Ontario has released the modelling and projection data it has been using to inform its response to COVID-19. Key takeaways from Ontario’s health officials include:
- If no intervention had occurred, 300,000 cases and 6,000 deaths were projected by April 30 and 100,000 deaths projected over the course of the pandemic.
- With current public health interventions, the projection has been reduced to 80,000 cases and 1,600 deaths by April 30, and a range of 3,000 to 15,000 deaths over the course of the pandemic (until a vaccine is developed or immunity gained).
- With full future intervention, models project further decreases to 12,500 cases and 200 deaths by April 30.
In the inexact science of modelling, there is more confidence in the projections for the next thirty days, with the peak anticipated to arrive around April 20. The projections become less precise as the model looks further out. While Ontario has projected that the full course of the pandemic could be 18 months to two years, the outcomes depend on public health measures – both current and future – as well as adherence by the general public to these measures. This is not to say that the current shut down will last two years but rather that future outbreaks will need to be managed over the course of the next two years.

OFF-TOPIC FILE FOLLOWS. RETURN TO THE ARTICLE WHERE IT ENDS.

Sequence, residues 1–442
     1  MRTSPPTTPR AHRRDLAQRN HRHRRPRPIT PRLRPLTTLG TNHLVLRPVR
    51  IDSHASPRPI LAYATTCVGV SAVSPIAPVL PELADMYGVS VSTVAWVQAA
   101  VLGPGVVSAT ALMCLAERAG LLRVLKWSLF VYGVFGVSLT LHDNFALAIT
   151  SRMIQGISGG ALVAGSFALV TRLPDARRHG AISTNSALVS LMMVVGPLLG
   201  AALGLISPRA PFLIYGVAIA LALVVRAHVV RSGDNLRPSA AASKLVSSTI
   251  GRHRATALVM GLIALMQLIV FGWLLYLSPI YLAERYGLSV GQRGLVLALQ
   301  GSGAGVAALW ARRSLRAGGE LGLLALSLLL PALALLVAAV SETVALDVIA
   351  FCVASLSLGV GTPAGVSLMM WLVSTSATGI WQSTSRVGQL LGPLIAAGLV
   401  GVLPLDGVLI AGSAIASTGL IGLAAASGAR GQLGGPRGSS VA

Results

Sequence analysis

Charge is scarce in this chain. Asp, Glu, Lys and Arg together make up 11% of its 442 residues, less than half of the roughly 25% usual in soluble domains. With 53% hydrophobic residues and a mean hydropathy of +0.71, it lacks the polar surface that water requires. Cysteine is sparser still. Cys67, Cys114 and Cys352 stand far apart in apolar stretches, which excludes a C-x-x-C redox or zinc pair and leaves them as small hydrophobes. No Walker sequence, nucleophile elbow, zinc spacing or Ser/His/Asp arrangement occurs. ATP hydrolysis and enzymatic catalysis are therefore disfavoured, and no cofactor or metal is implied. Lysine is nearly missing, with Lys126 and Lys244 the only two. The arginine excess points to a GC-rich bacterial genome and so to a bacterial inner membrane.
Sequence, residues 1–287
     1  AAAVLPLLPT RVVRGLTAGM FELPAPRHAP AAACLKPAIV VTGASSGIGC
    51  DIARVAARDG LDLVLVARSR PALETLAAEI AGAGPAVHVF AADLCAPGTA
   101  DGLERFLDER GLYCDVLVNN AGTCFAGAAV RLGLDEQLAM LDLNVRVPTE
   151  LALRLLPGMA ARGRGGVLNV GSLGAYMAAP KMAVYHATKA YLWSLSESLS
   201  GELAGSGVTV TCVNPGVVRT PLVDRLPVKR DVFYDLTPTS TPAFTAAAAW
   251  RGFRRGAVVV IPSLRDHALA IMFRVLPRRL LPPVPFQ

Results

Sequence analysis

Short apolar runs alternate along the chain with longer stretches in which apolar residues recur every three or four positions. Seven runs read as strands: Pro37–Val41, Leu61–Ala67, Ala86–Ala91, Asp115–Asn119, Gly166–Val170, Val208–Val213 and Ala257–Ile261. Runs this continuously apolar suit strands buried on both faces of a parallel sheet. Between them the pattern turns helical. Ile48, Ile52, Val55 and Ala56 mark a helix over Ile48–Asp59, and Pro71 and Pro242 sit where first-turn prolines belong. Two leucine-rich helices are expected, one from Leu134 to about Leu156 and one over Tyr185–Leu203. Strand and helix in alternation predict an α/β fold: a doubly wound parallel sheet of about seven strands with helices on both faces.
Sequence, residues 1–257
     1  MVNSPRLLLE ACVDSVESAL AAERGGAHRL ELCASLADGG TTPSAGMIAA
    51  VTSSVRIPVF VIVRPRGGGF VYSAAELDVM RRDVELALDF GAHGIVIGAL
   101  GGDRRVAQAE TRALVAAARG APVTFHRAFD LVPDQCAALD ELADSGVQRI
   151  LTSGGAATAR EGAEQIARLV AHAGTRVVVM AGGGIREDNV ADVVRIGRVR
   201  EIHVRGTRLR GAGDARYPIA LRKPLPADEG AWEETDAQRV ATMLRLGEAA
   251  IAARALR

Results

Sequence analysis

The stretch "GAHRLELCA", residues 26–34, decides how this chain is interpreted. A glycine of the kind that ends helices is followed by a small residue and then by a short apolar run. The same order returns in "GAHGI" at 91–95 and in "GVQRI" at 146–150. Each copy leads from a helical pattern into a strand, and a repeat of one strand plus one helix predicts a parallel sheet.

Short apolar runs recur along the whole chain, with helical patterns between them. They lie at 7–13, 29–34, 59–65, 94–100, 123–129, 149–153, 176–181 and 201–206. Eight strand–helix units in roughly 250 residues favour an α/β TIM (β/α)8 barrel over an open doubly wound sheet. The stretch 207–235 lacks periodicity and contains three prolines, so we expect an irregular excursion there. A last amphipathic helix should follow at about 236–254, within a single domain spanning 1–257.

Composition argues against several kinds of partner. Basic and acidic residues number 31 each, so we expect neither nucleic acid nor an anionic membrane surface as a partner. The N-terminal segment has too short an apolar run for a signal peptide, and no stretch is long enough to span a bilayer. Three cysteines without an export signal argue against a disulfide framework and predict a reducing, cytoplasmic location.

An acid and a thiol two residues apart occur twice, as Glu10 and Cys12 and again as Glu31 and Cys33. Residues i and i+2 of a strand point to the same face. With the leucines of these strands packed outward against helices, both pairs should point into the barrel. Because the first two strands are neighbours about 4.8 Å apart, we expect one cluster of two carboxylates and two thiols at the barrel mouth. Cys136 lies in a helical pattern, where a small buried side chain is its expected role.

Hospitals preparing for rise in COVID-19 patients
Slowing the spread is critical to address the constraints on ICU capacity, which is changing day to day. Currently, there are 410 ICU beds for COVID-19 patients, with an additional 900 additional planned beds coming on-line in the coming days. However, in a worst-case scenario model, ICU capacity is inadequate for any surge in mid to late April.
In preparation, the Ontario government is increasing health care system capacity. Health Minister Christine Elliott said that hospitals have been given permission to add capacity by using spaces in hospitals, retirement homes, hotels, and field hospitals to create spaces to treat COVID-19 patients. This has been supported by a new emergency order under the Emergency Management and Civil Protection Act, enabling public health units to deploy retired nurses and use medical students in assessment centres and for contact tracing. A similar order was issued for retirement homes, providing flexibility in staffing and implementing protocols and procedures to keep residents safe, as well as requiring reporting of any outbreak of COVID-19.